Right to Express and Right to be Hurt: Reconciling Opposites

Mazher Hussain is Executive Director of COVA, a national network working on issues of communal harmony in India and peace in South Asia.

Mazher Hussain
Mazher Hussain

You have right to express. I have a right to be hurt. And when your expression hurts me, I have a right to protest and to seek redress. But my protest has to be democratic, non violent and must necessarily take recourse to legally sanctioned processes. However, in most cases, people claiming to represent communities whose sentiments are alleged to be hurt, take to streets and resort to violence. The governments, giving the excuse of “law and order situation” immediately declare a ban on the alleged hurtful expression -be it in the form of a movie, painting, poem or any work of art or statement.

Vishwaroopam_posterIf the offending material is obvious and indisputable, then there would be no problem in taking some appropriate action. But generally the offence in a material is perspective specific and subject to differing interpretations. What is hurtful to members of one community may not appear to be so for other communities.  Secondly, a community may not react uniformly to any alleged offending material and the responses of different members could range from indifference to hurt to outrage for the same material. In most cases it is found that those who show super sensitivity to such issues are a small group mostly with some political affiliations or agenda and they also resort to violence. By their vocal and violent protest, they seek to project their opposition as an expression of the entire community. The governments also play along and succumb to their demands by resorting to direct bans or refusal to check violence unleashed and thereby forcing painters, filmmakers, writers, artists and others to withdraw on their own.

What is paradoxical is the extremity of responses of the governments to different “sentiments”. Separate Telangana state is a very strong sentiment of the people of the area just like sentiments of secession have played major roles in Jammu & Kashmir and the North East to the extent that thousands have lost their lives and the economies of all these areas are in ruins due to the unrelenting disturbances for decades. The government successfully uses iron fist to check all these “sentiments” but when it comes to the issue of a temple or a mosque or hurt to some religious “sensitivities”, kid gloves seem to come out in whole sale.

This shows that the state can be firm and control any law and order situation- even involving an armed insurgency- if it wants to!  But responses of most governments in matters of alleged infringement of religious or cultural sentiments appear to be guided by political considerations and not so much on merits and they seem willing to give in at the slightest semblance of violence that they should and can curb very easily. When governments succumb to pressures of some group and give illegal concessions or permit extra constitutional actions, other groups also get a precedence to demand their pound of flesh when their turn comes. Such concessions from the government could eventually lead to some fringe groups becoming powerful by forcing acceptance of their demands through violence and acquire a profile and power disproportionate to their following in the community. As a result, politics of intolerance and violence gets privileged leading to polarisation and negative impact on all dimensions of society.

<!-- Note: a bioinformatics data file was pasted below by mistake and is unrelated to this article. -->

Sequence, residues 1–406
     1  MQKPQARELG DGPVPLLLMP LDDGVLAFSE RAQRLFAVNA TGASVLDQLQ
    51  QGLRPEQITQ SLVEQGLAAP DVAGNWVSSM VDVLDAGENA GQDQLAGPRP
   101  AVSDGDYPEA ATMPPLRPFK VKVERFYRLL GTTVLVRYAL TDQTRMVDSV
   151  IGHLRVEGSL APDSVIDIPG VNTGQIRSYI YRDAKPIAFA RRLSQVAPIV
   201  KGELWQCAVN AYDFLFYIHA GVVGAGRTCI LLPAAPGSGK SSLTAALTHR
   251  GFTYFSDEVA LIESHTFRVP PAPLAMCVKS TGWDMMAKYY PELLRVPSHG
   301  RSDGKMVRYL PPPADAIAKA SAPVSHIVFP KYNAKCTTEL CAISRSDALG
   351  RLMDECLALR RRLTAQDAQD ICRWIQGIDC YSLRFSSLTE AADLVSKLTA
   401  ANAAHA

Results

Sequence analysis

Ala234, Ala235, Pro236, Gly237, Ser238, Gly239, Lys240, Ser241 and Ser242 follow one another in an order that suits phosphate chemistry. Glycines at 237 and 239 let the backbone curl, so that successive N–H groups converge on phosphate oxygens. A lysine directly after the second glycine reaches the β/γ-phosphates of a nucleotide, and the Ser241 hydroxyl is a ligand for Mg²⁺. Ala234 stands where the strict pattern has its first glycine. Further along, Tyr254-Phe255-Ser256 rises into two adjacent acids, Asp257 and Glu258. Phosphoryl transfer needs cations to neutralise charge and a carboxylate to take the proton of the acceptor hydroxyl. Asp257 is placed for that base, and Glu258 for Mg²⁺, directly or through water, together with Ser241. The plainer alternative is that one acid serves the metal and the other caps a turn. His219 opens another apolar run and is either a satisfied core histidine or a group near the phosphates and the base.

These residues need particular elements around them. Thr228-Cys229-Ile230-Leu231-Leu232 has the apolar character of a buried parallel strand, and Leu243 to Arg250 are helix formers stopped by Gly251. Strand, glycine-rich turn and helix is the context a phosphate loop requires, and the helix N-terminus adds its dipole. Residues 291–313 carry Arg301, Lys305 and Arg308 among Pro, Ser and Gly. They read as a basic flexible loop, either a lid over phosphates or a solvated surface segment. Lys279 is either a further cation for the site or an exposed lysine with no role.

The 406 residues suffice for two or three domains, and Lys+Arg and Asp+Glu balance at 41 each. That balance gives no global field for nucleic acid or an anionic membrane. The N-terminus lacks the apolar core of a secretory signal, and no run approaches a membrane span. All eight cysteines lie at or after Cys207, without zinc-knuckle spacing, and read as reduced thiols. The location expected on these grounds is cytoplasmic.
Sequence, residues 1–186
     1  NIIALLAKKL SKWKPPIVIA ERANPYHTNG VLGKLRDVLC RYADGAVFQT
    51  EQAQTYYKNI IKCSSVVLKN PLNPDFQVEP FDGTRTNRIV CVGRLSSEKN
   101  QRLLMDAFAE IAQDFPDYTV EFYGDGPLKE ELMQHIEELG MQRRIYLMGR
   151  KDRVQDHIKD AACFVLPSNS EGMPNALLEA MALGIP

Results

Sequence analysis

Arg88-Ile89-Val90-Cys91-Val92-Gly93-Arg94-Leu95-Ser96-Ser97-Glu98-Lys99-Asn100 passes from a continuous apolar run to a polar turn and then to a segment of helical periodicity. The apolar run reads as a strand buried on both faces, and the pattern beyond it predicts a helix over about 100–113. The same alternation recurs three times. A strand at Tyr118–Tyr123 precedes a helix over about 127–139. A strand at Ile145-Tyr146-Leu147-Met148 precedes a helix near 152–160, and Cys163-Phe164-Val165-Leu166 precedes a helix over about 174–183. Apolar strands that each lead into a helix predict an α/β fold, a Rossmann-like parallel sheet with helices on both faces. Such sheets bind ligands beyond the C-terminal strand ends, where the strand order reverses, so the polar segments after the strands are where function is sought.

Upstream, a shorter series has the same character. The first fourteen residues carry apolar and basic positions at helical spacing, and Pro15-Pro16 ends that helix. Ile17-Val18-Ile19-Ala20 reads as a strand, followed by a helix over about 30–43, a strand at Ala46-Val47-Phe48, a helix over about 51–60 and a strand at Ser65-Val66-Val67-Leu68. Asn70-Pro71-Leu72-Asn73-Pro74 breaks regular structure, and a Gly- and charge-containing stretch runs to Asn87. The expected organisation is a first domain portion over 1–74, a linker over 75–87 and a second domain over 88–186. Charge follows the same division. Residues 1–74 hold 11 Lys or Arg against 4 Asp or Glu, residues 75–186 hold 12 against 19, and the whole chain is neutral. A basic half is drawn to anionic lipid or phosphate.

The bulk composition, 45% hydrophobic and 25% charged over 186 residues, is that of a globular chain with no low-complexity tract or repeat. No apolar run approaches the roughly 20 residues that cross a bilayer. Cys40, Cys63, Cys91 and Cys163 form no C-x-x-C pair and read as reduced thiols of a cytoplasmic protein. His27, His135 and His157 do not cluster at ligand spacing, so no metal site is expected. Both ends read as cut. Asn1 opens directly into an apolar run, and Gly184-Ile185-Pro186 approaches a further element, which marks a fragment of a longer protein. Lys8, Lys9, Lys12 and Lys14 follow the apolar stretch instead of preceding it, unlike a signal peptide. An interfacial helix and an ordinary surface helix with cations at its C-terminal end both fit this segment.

Given such scenario, the most appropriate way for the governments seems to be to place all contentious matters impinging on sensitivities of different groups before the courts and just focus on maintaining law and order till their verdict is pronounced and not take any unilateral action to ban or allow its continuation. And the only option to be allowed to all contending parties concerned should be to follow the rule of law, accept arbitration by courts and await their decision.

The law courts should also exercise the option of imposing interim ban if they find some prima facie case, and the matter is disposed off within a specific and limited time frame to ensure that while freedom of expression is protected, any genuine hurt caused thereof is not allowed to lead to much damage and appropriate directions are issued in the shortest time possible to prohibit the material if it is indeed found to be offending.  

One problem that remains is that in most cases all that the courts recommend is the deletion of the offending material and no penalty for producing it is imposed. There should be a provision in law to ensure that whenever any portion is found to be offending, then all those responsible for it should be given exemplary penalties to ensure that such offences are not repeated by any one willfully or even inadvertently. In fact just like ignorance of law cannot be an excuse to escape legal liabilities, similarly claims of ignorance of some material to cause hurt should not be condoned but must be penalised. Only then will people be careful of their expression and will exercise it with the responsibility and diligence this right deserves.  Even the censor boards should be made liable for proportionate penal action if it is found by a court of law that any material they have approved is indeed offensive.  Finally, even those who start the protests without substantial cause should also be penalised like it happens in the case of filing of flippant PILs to deter misuse.

The Last Word: Expression executed with responsibility becomes a Right and used irresponsibly should be made a liability.

One reply to “Right to Express and Right to be Hurt: Reconciling Opposites

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